Charlotte Sloan, Senior Associate at Irwin Mitchell’s employment team explains what employers and employees need to know about the changes to tax and employee termination payments
The tax treatment of some termination payments is changing. From 6 April 2018, new rules apply to payments made to employees in lieu of them working out their notice period. Typically such payments are made in the context of an employer and an employee agreeing terms for an employee’s amicable departure under a settlement agreement.
Over the last couple of years, HMRC has been consulting on changes to the tax and National Insurance Contribution (NIC) treatment of termination payments made to employees at the end of their employment. Usually such payments are made as an incentive for the employee to agree to waive any employment claims they may have against their employer and to secure both parties agreement to an amicable employee departure under the terms of a settlement agreement.
HMRC’s aim has been to simplify what it sees as unnecessarily complex rules and exemptions that incentivise employers to manipulate the rules by structuring arrangements to minimise the tax and NICs due.
The taxation of notice pay (where the employee does not work their notice) depends largely on whether there is a payment in lieu of notice clause (a PILON clause) in the employee’s contract of employment. A PILON clause is a clause which contractually gives the employer the right to terminate an employee’s employment without the employee needing to work out their notice period, by making a payment equivalent to their notice pay. Where there is a PILON clause the notice payment is a contractual payment and therefore needs to be subject to tax and NICs. There are also some other circumstances where notice pay needs to be subject tax, including where a PILON clause is deemed to be implied into the employee’s contract through custom and practice.
However, certain payments can be made without tax deductions. In particular, it is usually possible upon termination of an employee’s employment to make a payment by way of compensation for loss of employment without deduction of tax up to a maximum of £30,000. Further where an employee’s employment contract does not contain a PILON clause and an employer makes a payment in lieu of notice then this can be paid without tax deductions subject to the £30,000 overall cap. This is because as there is no contractual entitlement to pay in lieu of notice the employer, by making such a payment, is technically breaching the employee’s contract and the payment is therefore treated as compensation for loss of employment rather than a contractual payment.
HMRC has criticised this system where some payments in lieu of notice are subject to tax and others are not, largely dependent upon whether there is a PILON clause in the contract, as unduly complex and sought to address this through law reform.
What is changing?
For employees whose employment is terminated after 5 April 2018, payments in respect of notice pay where there is a PILON clause will continue to be taxable in full.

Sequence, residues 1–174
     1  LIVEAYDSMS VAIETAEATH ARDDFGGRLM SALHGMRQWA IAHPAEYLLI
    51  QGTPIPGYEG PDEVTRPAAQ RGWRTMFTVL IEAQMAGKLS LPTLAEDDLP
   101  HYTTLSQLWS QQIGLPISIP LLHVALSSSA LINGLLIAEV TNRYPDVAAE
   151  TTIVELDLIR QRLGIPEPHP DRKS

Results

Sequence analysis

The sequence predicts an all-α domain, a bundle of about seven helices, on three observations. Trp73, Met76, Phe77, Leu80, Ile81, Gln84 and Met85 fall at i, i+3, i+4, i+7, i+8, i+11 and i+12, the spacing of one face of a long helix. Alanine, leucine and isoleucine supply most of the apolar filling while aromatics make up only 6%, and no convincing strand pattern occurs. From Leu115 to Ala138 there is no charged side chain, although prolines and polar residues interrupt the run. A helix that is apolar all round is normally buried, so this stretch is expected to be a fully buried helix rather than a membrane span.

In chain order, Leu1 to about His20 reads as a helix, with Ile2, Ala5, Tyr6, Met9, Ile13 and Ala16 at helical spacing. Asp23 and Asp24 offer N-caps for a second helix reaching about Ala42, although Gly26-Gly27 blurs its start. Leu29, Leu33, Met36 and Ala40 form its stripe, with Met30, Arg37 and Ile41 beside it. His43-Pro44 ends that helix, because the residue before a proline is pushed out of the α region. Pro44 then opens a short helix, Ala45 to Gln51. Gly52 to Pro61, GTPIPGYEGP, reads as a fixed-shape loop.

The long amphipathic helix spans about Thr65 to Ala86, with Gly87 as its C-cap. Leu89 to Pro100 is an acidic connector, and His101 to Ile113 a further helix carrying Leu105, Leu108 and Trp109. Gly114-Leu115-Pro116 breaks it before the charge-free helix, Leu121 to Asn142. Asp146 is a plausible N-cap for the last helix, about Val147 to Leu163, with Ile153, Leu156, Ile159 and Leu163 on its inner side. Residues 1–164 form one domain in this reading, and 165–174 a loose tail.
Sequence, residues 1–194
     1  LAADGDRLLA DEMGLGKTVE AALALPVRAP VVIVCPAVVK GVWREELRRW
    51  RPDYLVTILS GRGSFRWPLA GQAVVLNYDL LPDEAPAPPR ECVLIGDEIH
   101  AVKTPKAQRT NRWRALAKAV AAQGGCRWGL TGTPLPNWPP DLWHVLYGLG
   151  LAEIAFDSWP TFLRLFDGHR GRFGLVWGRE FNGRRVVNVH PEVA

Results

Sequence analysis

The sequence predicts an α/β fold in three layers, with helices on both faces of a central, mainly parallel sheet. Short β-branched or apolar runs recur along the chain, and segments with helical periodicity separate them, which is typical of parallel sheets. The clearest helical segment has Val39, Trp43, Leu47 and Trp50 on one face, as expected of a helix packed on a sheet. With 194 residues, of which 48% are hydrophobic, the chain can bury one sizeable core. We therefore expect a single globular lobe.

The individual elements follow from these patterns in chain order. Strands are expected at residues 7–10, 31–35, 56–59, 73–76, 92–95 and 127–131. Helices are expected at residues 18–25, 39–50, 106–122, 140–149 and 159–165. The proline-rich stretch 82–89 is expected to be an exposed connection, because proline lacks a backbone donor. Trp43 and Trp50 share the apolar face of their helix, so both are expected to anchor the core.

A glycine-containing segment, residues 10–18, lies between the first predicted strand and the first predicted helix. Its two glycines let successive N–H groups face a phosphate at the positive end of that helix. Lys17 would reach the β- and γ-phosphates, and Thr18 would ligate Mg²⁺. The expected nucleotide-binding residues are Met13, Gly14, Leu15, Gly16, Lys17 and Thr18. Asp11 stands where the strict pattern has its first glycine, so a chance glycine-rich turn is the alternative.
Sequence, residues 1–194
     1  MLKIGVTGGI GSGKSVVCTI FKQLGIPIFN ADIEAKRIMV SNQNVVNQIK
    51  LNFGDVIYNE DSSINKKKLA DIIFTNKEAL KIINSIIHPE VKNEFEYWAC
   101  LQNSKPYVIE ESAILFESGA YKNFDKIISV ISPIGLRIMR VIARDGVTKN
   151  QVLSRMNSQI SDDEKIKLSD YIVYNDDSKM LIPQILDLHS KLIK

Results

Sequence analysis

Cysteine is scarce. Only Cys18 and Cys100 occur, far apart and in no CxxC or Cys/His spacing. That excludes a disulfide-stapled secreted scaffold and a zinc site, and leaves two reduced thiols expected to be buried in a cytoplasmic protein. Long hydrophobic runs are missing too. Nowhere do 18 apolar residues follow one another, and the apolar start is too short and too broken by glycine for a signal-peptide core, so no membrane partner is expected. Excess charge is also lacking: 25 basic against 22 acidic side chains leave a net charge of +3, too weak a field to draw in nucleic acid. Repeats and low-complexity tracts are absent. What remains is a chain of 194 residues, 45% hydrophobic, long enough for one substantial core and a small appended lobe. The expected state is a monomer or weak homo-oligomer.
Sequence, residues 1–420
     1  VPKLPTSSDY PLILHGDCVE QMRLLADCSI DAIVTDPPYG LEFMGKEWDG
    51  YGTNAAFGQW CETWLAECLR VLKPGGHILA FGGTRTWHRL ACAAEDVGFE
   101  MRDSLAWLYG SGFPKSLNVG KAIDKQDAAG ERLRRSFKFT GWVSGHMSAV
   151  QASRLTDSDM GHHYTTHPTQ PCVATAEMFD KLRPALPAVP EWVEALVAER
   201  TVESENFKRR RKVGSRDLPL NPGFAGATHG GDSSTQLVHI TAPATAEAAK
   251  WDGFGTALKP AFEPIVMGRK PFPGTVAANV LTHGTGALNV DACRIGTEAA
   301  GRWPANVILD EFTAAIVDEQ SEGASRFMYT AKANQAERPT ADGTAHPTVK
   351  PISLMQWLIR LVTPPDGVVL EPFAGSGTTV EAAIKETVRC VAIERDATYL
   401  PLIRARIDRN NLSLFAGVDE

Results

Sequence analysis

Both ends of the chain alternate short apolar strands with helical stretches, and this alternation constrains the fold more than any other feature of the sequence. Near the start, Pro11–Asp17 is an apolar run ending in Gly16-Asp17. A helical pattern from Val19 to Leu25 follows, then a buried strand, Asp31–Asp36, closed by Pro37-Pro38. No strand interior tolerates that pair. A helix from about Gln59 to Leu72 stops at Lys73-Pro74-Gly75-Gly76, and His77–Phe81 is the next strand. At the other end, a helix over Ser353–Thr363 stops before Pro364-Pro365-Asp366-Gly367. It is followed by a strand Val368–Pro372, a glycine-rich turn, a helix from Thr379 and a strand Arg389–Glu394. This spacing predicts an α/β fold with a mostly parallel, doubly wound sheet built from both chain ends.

However, in addition, payments made in respect of notice pay where there is no PILON clause will be subject to tax deductions and NICs.
Under the new regime all payments made in respect of notice pay have been re-categorised as “post-employment notice pay”. As a result an employee will no longer be able to be paid a tax-free sum equivalent to basic notice pay within the £30,000 tax-free exemption, even in circumstances where there is no PILON clause in the employee’s contract.
How does this affect employers and employees?
Employers will need to tax all “post-employment notice pay”. This essentially means that employees may receive a reduced sum for notice pay than they would have under the current regime as any notice pay sum they receive will be a net amount. An employer negotiating a settlement arrangement deal with an employee will no longer be able to offer the additional incentive of tax-free notice pay where there is no contractual PILON.
HMRC have introduced a complex statutory formula to calculate the amount of tax due in respect of “post-employment notice pay” which employers need to apply where notice is not being worked.
Settlement agreements going forward will need to include appropriately worded clauses to reflect the fact that the appropriate tax and statutory formula have been applied in relation to notice payments.
The good news is that employers and employees will still continue to benefit from the tax exemption permitting statutory redundancy payments and genuine payments for loss of employment to be paid tax-free up to £30,000, provided there is no disguised notice pay included in such payment.
However, the changes in respect of the taxation of notice pay will increase the tax liability on many termination payments and despite HMRCs intention to simplify the regime, in our view, add further complexity.
When do these changes come into effect?
The new rules apply where both the payment and the termination date of employment take place on or after 6 April 2018. Accordingly, if employers and employees alike want to avoid being caught by the new rules and take advantage of the current more generous tax exemption rules in respect of notice pay where there is no PILON clause they must act quickly.
For further help on this issue and any other employment issue, please contact Charlotte Sloan by emailing email@example.com or call 01293 742959.